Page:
UnderCover Waitress: Utah Tip Laws

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Saturday, January 5, 2013

Utah Tip Laws

Ask the Waitress!

Received a question from a waitress working in Utah. The details include: 
We are required to tip out10% of our tips to the back of the house. The cooks and dishwashers each get an equal part of that %10. Is that legal? Also...when the assistant manager bartends and acts as manager on the same night, she requires a tip out on our liquor sales. Is that legal?
Reading the above carefully, it sounds as if there is additional tip out to the front of the house, and so food servers are tipping out more than ten percent on any given shift. 

The short answer to the first question is, No, this it is illegal for cooks and dishwashers to participate in tip pools in Utah. 

Here is the long answer:

Tipped Wages in Utah

The Department of Labor sets the tipped minimum wage at $2.13 per hour. The state of Utah considers this sufficient; therefore, Utah waitresses as of January 1, 2013 make a base wage of $2.13 per hour plus tips.

A tipped employee in Utah must make at least $30 per month in tips to be considered a tipped employee. Otherwise, the employer is required to pay the full minimum wage of $7.25 per hour.

If on any given shift, the tipped employee does not make enough in tips to bring home full minimum wage, the employer must make up the difference.




Tip pools are legal in Utah. That means that tipped employees may be required to share tips with other employees. According to the Utah Administrative Code,

D. All tips shall be retained by the employee receiving the tips. However, this requirement does not preclude tip pooling or sharing arrangements where an employer mandates that tips be pooled and divided or shared among those employees who customarily and regularly receive tips.
1. A bona fide tip pooling or sharing arrangement may include employees who customarily and regularly receive tips from customers directly or via a tip pooling or sharing arrangement.
2. Dishwashers, chefs, cooks, and janitors are not tipped employees and do not qualify for a tip credit nor are they eligible to participate in an employer mandated tip pooling or sharing arrangement.  [Emphasis mine.]
Bingo, it is illegal for back of house employees to get a tip out, and it is illegal for the employer in Utah to require waitresses to pony up ten percent of their tips to back of house employees.

Manager as Bartender

In the second question posed to me, we have an employee playing a dual role. Bartenders customarily receive tips, so they may legally participate in tip pooling arrangements.

The bad news is that in the state of Utah, I see no prohibition for managers receiving tip outs. Therefore, it seems that a manager who plays the role of bartender may require a tip out paid to her. This would also hold true if the manager played any other front of house role, such as hostess.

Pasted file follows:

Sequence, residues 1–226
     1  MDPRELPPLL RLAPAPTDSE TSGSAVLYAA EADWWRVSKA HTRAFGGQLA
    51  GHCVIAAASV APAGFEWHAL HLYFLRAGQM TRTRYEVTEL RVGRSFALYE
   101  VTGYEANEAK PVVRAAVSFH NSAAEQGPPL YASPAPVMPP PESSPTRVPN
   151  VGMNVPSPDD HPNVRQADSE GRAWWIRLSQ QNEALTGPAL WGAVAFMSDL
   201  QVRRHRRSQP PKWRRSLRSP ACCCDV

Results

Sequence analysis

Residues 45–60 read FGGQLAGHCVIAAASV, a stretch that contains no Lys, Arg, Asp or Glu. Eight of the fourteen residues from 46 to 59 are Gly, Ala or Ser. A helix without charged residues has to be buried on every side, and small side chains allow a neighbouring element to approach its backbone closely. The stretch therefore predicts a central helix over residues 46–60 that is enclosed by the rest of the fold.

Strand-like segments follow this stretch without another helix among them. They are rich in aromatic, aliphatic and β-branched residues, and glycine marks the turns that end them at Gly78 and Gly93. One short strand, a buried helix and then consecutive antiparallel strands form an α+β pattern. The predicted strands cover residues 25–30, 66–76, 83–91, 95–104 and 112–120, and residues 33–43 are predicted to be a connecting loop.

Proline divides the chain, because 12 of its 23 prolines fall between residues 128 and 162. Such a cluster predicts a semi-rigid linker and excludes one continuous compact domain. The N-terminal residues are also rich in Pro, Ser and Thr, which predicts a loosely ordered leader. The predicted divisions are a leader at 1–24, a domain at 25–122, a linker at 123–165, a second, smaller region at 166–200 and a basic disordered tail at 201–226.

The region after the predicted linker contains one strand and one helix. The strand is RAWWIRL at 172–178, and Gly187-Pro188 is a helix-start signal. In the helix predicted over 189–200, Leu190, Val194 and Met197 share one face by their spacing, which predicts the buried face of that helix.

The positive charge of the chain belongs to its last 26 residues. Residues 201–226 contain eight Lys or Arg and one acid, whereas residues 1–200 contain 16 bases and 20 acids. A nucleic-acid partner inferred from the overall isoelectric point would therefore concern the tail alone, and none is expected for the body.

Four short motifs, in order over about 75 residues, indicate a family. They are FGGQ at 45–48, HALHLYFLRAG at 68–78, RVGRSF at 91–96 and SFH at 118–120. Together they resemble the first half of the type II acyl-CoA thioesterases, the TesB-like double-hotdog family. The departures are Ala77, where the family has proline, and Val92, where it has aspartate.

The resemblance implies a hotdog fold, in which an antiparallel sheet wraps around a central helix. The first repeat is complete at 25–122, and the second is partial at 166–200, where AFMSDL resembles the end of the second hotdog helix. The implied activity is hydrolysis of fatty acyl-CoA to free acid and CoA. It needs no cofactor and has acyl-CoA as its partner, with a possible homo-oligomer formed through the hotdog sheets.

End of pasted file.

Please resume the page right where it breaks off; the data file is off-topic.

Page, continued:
On a side note, I love the double-speak "tip pool." As anybody who "participates in tip pooling." The wording makes it sound like all tipped employees share. Nothing could be further from the truth. "Participating" in tip pooling means waitresses pay other front of house employees. I'm not saying it would be better to make everybody pool everything and divide equally, but I am saying the wording makes it sound as if that is what is happening. Waitresses pay other FOH employees. Say it.


Whistle Blowing

I recommend against complaining to a manager or owner about this arrangement. Internal whistle-blowing is when you complain to your boss. Guess what? You can be fired after internal whistle-blowing and be unable to claim retaliation, because your boss can fire you for any or no reason.

External whistle-blowing is when you complain to a government agency. Generally, I believe you are protected from retaliation if you complain to a government agency. If you wish to complain about the illegal tip pooling arrangement, you might consider contacting the Utah Department of Administrative Services. 

A. The Division may enforce compliance with the state minimum wage in the same manner as outlined in R610-3.
B. When more than one employee is affected by noncompliance of minimum wage requirements, the Division shall treat this alleged infraction of noncompliance as a class action.

You may have a class action lawsuit, as all of the waitresses and waiters are illegally required to pay ten percent of their tips to the back of the house.

PLEASE REMEMBER: I am not a lawyer, I'm just a stupid waitress. I research questions for other waitresses and waiters. Any mistakes on this blog are mine and mine alone, please do not depend upon me for legal advice which I can not and do not give. If you need legal advice, chat with a lawyer. In Utah, try the Utah Lawyer Referral Service.  You may be able to find an affordable or even free session to chat.

*Whew!* That was a mouthful.

Thanks for asking the waitress, and best of luck to you!
  

3 comments:

  1. It strikes me repeatedly how this is a line of work in which there are endless different ways for the employer to screw over the employee. And when you think you've heard the last of new ways... a server comes up with another version of it.

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  2. Can a owner legally accept tips? Also in Utah does the minimum wage law for waitress go by shift or pay period, if a waitress did not make enough one day in tips to equal at least minimum wage, but the next day made more then minimum wage is it calculated at the end of the pay period or done daily?

    ReplyDelete
    Replies
    1. Hi Rhonda,

      Technically, it is illegal for an owner to participate in the tip pool. There may be a gray area if the customer handed a tip to the owner for the owner.

      Tip credits may be calculated per pay period.

      Delete

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